Investors quickly learn that, just because a business is fundamentally strong, it doesn't necessarily mean that the stock price will always move higher in the short run. That's a phenomenon that Walker & Dunlop (NYSE:WD) is dealing with today. Even though the commercial real estate market has helped the real estate services and financing specialist enjoy blowout results lately, ever-improving results inspire investors to have ever-higher expectations for future performance.

Coming into Wednesday's second-quarter financial report, Walker & Dunlop investors seemed to be looking for only modest bottom-line gains, but wanted to see strong sales growth. The real estate specialist's results were better than expected on the net income front, but a slight shortfall in sales was enough to spur a big sell-off for the stock. Let's look more closely at Walker & Dunlop and what its latest results say about the future for the company.

Walker & Dunlop logo and various buildings in the company's portfolio of real estate assets.

Image source: Walker & Dunlop.

Walker & Dunlop keeps building

Walker & Dunlop's second-quarter results seemed strong by most measures. Revenue rose 13%, to $166.4 million, which was only slightly below what most investors had expected to see on the top line. Net income jumped 8%, to $34.6 million, and that produced earnings of $1.08 per share, topping the consensus forecast among those following the stock for $1.06 per share.

Looking more closely at Walker & Dunlop's numbers, the company highlighted its loan-origination volume, which jumped 19%, to $5.68 billion for the quarter. Most of the gains came from brokered mortgage loans, with negative moves from Fannie Mae offsetting gains from Freddie Mac and Ginnie Mae. Walker & Dunlop said that the average number of mortgage bankers and brokers climbed by more than 40% during the period, and strength in the commercial and multifamily real estate markets boosted total transaction volume by 12%, to $6.03 billion.

Walker & Dunlop also kept boosting the size of its mortgage-servicing portfolio. Total assets were up 16%, to $66.3 billion, as payoffs virtually disappeared because of a rising-interest-rate environment. Servicing fees have jumped substantially over the past year due, in large part, to greater origination of Fannie Mae loans, which have the most favorable servicing-fee provisions.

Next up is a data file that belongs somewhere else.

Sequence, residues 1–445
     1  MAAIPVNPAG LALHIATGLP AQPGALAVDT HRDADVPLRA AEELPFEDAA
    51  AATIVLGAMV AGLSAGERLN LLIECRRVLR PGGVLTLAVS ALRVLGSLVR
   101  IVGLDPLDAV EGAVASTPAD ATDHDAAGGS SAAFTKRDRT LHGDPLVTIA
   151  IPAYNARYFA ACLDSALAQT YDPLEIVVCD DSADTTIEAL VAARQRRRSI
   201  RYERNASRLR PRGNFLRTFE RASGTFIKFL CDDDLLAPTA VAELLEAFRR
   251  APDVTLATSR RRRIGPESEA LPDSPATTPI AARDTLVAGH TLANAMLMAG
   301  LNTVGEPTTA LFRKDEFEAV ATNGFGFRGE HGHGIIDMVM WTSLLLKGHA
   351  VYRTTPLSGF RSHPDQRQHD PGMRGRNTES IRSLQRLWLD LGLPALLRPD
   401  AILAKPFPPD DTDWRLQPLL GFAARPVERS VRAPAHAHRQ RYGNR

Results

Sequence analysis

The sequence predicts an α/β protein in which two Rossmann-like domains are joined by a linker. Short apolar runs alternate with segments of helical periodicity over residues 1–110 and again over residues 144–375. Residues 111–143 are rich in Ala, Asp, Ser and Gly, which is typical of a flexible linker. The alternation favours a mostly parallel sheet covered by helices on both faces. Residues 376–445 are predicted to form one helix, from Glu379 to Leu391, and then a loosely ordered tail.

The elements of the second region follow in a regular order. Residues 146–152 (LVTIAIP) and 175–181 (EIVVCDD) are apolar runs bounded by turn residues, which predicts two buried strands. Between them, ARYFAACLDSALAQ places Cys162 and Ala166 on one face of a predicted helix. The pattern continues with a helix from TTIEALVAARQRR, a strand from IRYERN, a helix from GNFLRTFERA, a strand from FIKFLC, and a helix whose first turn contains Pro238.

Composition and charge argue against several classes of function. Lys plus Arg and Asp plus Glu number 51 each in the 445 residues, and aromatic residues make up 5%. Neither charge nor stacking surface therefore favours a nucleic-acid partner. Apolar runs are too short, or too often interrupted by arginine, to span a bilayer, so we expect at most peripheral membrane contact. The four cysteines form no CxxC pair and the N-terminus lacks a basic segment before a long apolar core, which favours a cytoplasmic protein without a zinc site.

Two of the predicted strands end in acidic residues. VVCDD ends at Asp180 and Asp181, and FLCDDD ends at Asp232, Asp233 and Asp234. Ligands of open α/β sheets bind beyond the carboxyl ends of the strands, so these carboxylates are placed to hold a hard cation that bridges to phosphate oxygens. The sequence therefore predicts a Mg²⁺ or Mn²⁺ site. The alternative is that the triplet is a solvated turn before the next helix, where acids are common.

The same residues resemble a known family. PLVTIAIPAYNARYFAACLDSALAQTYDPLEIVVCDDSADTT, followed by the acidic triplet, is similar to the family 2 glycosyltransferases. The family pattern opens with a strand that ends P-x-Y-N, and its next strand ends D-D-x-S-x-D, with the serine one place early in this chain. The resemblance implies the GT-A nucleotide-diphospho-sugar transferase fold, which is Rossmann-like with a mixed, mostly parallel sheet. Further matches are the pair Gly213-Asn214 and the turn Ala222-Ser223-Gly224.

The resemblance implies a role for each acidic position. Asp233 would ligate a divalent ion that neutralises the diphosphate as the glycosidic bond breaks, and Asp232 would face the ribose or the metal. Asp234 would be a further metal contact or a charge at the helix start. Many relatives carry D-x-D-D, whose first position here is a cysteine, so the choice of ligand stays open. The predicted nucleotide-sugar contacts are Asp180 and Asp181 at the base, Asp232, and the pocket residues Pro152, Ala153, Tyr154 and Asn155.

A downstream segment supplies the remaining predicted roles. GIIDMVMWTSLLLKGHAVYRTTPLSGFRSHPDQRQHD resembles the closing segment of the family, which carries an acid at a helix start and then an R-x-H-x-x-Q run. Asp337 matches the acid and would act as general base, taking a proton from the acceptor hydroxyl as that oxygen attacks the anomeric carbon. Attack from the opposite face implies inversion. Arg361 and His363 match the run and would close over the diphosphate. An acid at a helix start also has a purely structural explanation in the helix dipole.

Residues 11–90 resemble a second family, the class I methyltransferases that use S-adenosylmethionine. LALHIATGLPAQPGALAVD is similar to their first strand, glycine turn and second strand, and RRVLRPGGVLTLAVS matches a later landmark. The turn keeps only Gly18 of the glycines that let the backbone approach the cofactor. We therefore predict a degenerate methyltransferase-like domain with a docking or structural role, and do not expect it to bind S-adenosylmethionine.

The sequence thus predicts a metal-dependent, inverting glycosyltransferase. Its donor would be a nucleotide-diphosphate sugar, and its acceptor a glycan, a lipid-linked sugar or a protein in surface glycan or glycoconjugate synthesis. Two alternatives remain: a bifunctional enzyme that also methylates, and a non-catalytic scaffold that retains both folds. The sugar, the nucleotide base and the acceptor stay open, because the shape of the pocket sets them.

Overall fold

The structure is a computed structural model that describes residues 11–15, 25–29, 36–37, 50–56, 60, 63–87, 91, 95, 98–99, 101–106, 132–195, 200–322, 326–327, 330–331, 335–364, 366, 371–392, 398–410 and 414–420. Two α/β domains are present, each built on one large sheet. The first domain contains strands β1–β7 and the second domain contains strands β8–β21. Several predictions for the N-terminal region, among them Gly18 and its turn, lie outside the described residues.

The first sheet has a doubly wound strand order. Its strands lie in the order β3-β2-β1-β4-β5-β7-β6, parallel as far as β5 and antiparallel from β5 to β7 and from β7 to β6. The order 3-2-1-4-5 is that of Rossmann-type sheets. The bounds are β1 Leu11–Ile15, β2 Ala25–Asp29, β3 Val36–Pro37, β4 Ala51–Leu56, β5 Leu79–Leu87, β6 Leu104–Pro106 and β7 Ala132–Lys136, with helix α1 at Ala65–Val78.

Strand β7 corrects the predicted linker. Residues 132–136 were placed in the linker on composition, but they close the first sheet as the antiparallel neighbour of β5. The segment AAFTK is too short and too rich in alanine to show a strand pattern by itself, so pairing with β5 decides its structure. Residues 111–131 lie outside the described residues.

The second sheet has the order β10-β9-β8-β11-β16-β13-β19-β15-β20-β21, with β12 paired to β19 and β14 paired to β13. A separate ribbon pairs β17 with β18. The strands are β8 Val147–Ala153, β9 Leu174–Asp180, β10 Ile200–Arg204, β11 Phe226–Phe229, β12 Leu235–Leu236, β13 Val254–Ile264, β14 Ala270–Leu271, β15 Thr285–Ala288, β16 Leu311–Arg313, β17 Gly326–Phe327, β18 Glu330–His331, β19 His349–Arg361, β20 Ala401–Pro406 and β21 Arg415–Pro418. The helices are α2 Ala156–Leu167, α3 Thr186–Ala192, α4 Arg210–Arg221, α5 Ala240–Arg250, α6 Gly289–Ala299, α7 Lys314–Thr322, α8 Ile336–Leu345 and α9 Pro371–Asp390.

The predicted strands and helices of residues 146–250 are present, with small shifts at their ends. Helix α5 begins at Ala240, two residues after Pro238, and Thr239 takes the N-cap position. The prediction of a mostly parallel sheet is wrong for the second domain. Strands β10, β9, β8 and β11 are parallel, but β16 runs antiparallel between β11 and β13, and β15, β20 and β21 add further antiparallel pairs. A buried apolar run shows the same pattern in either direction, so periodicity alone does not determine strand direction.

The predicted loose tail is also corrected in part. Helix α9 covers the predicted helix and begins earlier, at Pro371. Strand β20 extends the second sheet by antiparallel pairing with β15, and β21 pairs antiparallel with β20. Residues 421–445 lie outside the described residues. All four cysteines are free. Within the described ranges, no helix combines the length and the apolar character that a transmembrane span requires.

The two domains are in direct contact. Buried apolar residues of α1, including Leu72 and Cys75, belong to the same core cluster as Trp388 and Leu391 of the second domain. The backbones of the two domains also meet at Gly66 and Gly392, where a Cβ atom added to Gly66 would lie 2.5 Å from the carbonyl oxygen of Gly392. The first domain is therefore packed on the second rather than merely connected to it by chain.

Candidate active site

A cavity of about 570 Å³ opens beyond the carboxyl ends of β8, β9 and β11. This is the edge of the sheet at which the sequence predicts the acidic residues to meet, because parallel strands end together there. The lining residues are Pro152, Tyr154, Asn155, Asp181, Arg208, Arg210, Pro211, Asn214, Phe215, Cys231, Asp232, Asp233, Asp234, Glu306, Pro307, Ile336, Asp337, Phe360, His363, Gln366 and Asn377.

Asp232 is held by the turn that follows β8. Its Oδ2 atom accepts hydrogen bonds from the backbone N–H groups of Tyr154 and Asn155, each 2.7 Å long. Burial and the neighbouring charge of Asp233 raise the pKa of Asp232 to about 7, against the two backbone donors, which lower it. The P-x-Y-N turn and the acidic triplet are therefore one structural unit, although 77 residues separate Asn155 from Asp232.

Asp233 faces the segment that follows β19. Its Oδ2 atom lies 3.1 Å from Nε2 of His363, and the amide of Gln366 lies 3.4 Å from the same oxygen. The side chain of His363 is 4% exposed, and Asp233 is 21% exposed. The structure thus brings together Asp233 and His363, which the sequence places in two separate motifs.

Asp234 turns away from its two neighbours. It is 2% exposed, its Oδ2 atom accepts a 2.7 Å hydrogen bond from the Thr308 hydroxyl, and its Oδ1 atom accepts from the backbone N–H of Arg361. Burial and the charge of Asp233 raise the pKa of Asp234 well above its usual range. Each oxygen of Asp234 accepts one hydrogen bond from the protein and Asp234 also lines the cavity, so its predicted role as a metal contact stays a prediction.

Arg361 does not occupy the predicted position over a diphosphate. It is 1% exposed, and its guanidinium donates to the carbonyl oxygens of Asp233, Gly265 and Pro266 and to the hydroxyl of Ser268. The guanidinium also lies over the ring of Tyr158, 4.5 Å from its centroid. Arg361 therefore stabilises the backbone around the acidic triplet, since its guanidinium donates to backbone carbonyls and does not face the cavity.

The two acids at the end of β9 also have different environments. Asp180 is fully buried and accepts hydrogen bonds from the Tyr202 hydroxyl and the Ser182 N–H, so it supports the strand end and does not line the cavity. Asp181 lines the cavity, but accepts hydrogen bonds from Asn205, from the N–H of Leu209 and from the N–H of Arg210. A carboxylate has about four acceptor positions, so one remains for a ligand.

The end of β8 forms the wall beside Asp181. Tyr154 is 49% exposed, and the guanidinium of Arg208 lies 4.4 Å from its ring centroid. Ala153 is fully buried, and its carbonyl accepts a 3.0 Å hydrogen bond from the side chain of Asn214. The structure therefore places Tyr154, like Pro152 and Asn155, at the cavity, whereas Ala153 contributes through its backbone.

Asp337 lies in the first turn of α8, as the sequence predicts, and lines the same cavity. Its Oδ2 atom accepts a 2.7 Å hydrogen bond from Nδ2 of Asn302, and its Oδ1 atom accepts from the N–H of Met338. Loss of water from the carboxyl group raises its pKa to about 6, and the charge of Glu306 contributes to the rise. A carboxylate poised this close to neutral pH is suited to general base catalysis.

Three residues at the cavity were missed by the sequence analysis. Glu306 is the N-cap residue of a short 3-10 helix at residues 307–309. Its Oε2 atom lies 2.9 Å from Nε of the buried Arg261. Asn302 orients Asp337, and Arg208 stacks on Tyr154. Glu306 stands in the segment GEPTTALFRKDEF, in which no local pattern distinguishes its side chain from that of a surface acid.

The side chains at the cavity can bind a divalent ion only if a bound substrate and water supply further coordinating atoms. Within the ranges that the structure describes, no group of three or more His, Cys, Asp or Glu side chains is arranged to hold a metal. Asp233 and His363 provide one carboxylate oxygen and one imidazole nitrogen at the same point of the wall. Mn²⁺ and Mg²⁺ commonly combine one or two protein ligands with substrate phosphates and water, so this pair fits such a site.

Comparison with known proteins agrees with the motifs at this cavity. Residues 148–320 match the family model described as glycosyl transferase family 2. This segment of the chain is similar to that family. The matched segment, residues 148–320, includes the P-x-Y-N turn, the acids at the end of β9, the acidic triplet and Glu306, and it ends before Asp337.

In terms of revenue for Walker & Dunlop, the company saw mixed numbers. Mortgage banking-activity revenue was flat, as increased loan-origination fees were offset completely by declines in gains attributable to mortgage-servicing rights. Servicing fees were up by nearly a third from the year-ago quarter, however, and higher income from interest and escrow earnings also helped boost Walker & Dunlop's prospects. Credit metrics remained favorable, with no 60-day delinquencies and only minimal allowances for risk sharing in its financial statements.

What's ahead for Walker & Dunlop?

CEO Willy Walker was pleased with how well things went for the company. The "increase in mortgage bankers and brokers at Walker & Dunlop, coupled with the underlying health of the commercial real estate industry and our company's expanding reputation as an industry leader," Walker said, "drove record loan origination volume." The CEO also pointed to strong earnings stemming from an efficient business model and the long-term value of the mortgage-servicing portfolio.

Walker & Dunlop was even more excited about the future. As Walker put it, "W&D's client base continues to expand, creating growth opportunities across our business, such as our joint venture with Blackstone Mortgage Trust and the recently announced engagement to finance Greystar's acquisition of Monogram." The company is confident in its ability to finish 2017 better than it had originally hoped and to keep growing into the future.

Yet perhaps because of the more than 50% rise in Walker & Dunlop stock coming into the report, investors didn't seem optimistic enough about the company's future to translate into greater demand to purchase shares, and the stock fell 7% in the morning trading session following the announcement. Nevertheless, given everything that the company is doing right, Walker & Dunlop's strategic vision appears to have the potential to carry the real estate specialist still higher in the months and years ahead.

Dan Caplinger has no position in any stocks mentioned. The Motley Fool owns shares of Walker & Dunlop. The Motley Fool has a disclosure policy.